At the E-Gadget help desk we spend a lot of time with installing and explaining apps portable devices. We encounter a lot of book lovers, so we wanted to share our favorite apps for reading.
Twilight is an essential app for anyone who uses a phone or tablet at night. It modifies the color composition of your screen after sunset, shifting the screen’s normal blue light to a red hue. This prevents the blue light of the screen from disturbing your circadian rhythms, making it easier for your to fall asleep after reading at night.
Overdrive is a great digital media collection where you can check out E-Books using your Free Library Account. This app will allow you to browse ebooks and audiobooks, check them out, and read them on your device.
If you already have ebooks that you’ve purchased or downloaded from Project Gutenberg, FBReader is a great tool for managing and reading them. It’s fast, free, and highly customizable. It can read ePub, rtf, fb2, html, microsoft doc, rtf, and plain text files.
If you have a lot of PDFs, Adilko is a handy tool for managing them. It also reads ePub files.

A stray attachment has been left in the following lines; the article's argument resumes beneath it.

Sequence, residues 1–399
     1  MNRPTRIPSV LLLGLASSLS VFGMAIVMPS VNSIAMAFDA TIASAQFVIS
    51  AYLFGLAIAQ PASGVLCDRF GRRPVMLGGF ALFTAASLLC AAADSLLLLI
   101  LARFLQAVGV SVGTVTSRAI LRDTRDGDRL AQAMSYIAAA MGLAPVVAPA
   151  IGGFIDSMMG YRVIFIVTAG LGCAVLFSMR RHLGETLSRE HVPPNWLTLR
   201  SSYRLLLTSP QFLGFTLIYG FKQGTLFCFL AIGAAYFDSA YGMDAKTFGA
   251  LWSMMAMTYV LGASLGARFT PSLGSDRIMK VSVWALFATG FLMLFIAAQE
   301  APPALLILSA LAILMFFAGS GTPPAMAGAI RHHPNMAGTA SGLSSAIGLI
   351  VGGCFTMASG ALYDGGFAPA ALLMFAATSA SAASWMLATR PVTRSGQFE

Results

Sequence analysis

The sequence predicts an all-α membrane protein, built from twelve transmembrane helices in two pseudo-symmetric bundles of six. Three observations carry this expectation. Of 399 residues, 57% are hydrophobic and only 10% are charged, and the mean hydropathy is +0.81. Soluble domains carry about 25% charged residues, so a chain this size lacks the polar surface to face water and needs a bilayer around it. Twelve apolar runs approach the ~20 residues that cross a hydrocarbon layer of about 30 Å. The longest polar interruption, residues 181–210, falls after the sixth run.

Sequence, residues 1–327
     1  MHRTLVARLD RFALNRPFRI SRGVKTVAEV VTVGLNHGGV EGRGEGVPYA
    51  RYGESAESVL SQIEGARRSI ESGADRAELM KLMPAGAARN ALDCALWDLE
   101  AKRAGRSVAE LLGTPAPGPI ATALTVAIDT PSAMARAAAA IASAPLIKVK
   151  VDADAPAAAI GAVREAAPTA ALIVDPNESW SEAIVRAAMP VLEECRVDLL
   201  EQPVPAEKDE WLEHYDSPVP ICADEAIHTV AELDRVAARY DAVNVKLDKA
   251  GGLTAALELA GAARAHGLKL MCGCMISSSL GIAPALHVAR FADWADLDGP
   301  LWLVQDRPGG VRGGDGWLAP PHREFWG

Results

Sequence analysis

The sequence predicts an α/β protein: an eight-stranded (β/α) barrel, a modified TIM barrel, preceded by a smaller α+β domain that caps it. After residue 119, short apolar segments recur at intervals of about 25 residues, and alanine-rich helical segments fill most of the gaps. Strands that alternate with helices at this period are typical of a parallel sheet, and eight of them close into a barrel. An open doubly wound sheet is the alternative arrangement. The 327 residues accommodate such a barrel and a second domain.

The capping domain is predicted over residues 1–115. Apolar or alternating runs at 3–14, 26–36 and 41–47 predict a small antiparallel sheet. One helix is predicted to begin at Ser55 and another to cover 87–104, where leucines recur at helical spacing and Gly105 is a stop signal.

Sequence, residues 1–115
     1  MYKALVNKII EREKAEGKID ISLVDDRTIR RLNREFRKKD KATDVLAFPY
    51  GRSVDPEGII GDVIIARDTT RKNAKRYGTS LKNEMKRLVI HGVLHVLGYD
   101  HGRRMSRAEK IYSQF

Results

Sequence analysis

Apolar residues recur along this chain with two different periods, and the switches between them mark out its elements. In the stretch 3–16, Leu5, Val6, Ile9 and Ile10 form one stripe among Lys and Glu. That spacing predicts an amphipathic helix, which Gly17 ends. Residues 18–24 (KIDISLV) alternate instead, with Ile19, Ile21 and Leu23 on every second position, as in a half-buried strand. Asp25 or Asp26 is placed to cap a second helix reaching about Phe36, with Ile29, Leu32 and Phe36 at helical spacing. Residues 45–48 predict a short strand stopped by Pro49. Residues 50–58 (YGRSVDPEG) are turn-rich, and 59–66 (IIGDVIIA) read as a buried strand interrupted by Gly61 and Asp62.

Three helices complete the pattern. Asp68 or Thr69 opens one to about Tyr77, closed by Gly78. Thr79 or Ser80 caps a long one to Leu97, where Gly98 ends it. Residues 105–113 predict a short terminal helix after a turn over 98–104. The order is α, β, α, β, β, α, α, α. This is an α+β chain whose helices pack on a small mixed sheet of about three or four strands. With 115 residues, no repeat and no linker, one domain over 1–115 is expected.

Good Read is a social networking site for book reviews. People can share their reviews, create lists of their favorites, and follow what their friends are reading. The Goodreads app let you look through these reviews and find your next read!
Feedly is a news aggregator where you plug in your favorite sites (news sites, blogs, etc) and delivers the latest articles to your device every time you open the app. A great way to keep track a lot of news sites at once! Available on a desktop computer through Feedly’s website.
Too much clutter? Pocket is a great “save for later” tool for articles, videos, and web pages. If you encounter an article that you like, but don’t have time to read it, you can save it to Pocket, and look at it from the Pocket app in a clean, easy-to-read format. From Pocket’s website you can install a browser extension so you can save articles from your desktop computer.
In a rush? Circa has you covered. Instead of displaying complete articles, Circa provides contextualized summaries of breaking news stories. It’s designed to look nice on small screens.
Too much to read? Try Speed Reading!
In 2014 there has been a number of new apps and websites that use the a technique called Rapid Serial Visual Presentation (RSVP). This method allows speed reading by presenting words in small chunks as opposed to blocks of text, saving readers the time it takes their eyes search for words on a page. This method has been around since the 1960s, but advances in technology have brought it to the internet in 2014.It’s not for everyone: some people have found you can increase reading speeds without sacrificing comprehension, while experts say it’s less effective than skimming.
A Faster Reader
This is currently the best app for speed-reading articles. From a web browser or app, share an article with A Faster Read, and a box will pop up displaying the article one word at a time.